Former vice-president Joice Mujuru says she will support any leader chosen to lead a coalition against President Robert Mugabe in next year’s elections.
By Everson Mushava
Mujuru made the declaration in an interview with the BBC during her recent visit to Britain. The interview will be screened tomorrow under the respected programme, HardTalk.
The National People’s Party (NPP) leader said coalition talks with former prime minister Morgan Tsvangirai were progressing well and they were now drafting a memorandum of understanding (MoU).
“We have been in talks for the coalition with Morgan Tsvangirai,” Mujuru said.
“It is part of the process we are carrying out now which I can’t say who is who, but it is part of the results that are going to come out.
“Between Tsvangirai and myself, we are working together, we have done some addresses together and right now, we are working on an MoU so that we are able to work together.”
Mujuru has been in coalition talks with Tsvangirai since last year when she was still Zimbabwe People First leader before the party split last month due to differences with former allies Rugare Gumbo and Didymus Mutasa.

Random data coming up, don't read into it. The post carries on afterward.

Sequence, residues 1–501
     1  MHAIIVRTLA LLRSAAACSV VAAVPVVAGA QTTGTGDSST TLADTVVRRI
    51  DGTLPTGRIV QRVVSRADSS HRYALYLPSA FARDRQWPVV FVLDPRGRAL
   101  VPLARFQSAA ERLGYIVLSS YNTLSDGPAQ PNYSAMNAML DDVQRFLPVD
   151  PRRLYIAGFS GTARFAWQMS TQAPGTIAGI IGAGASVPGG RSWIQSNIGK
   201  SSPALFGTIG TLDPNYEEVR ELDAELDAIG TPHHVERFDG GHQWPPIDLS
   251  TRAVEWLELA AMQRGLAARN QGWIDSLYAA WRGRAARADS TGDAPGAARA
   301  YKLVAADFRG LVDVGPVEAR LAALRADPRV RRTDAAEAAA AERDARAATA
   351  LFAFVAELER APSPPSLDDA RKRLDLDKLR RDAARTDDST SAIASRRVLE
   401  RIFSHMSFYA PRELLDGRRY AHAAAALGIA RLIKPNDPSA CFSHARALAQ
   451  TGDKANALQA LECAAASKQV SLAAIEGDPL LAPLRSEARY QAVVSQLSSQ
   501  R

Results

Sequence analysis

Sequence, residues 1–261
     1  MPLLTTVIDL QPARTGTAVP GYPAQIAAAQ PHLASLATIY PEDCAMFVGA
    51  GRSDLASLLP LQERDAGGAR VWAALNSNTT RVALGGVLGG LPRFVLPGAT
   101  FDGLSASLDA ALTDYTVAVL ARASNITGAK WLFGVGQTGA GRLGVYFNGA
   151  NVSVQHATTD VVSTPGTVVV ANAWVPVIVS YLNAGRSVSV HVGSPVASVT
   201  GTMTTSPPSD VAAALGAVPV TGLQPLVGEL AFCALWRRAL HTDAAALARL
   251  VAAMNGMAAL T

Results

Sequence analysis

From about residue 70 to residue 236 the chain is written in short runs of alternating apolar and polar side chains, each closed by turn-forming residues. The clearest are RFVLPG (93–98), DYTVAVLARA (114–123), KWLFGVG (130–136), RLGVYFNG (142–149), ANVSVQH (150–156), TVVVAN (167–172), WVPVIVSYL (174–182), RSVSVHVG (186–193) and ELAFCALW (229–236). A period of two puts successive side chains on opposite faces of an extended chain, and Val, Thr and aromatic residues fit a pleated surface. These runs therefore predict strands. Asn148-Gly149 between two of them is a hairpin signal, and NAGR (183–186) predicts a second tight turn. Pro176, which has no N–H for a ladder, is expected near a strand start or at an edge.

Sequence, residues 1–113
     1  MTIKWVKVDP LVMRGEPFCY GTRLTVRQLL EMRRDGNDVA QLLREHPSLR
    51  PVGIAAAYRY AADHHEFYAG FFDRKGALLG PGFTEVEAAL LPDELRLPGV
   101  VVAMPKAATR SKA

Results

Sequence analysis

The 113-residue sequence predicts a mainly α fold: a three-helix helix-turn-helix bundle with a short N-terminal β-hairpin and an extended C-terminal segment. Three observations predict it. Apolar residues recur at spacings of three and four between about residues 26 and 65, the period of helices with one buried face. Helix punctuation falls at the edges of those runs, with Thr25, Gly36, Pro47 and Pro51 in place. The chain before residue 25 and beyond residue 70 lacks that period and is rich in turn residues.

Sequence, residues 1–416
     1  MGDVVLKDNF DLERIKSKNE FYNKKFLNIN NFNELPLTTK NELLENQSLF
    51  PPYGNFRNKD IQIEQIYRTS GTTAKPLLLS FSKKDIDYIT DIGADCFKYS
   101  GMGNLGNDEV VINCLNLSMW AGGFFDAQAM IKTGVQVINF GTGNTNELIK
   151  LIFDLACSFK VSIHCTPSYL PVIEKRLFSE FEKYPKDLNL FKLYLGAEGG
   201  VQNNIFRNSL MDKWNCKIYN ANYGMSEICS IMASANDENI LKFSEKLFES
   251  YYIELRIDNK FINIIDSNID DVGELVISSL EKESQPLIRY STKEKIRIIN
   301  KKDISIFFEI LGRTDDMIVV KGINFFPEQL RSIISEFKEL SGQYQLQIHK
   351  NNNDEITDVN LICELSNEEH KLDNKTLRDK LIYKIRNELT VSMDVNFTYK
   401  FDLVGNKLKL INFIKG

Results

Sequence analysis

There have been fears that the acrimonious relationship between Mujuru and her former allies would scuttle the coalition talks with the MDC-T leader, who has on the other hand promised to engage both factions.
“Anyone who is chosen according to our discussions, I will be able to work with,” she added.
Mutasa has already endorsed Tsvangirai — the only opposition leader to hand Mugabe his first electoral defeat in 2008.
Mujuru was also quizzed on why she intended to forgive Mugabe if she wins in the 2018 general elections after the humiliating way she was haunded out of Zanu PF.
“My party is not for retribution, but for restitution. We have to encourage people to forgive but not to forget. We cannot continue to lead in the past,” she said.
“We should be busy thinking of how best we should move forward.”
On the 1980s Matabeleland and Midlands massacres also known as Gukurahundi, Mujuru said she was partly to blame as someone who was in government according to the concept of collective responsibility.
But she said it was unfair to blame everyone who was in government at the time because the atrocities were not executed by the regular army.
Mujuru also disputed claims that she looted diamonds from Chiadzwa, saying the term “Churu ChaMai Mujuru” (Mujuru’s hill) was a joke created by villagers involved in a flower export project she initiated at Hotsprings, Mutare. The project was a major source of foreign currency.
She said when diamonds were discovered, people started claiming that they now had their project similar to the horticulture project. Mujuru said villagers teased each other about the “Churu chaMai Mujuru”, but she was never into mining.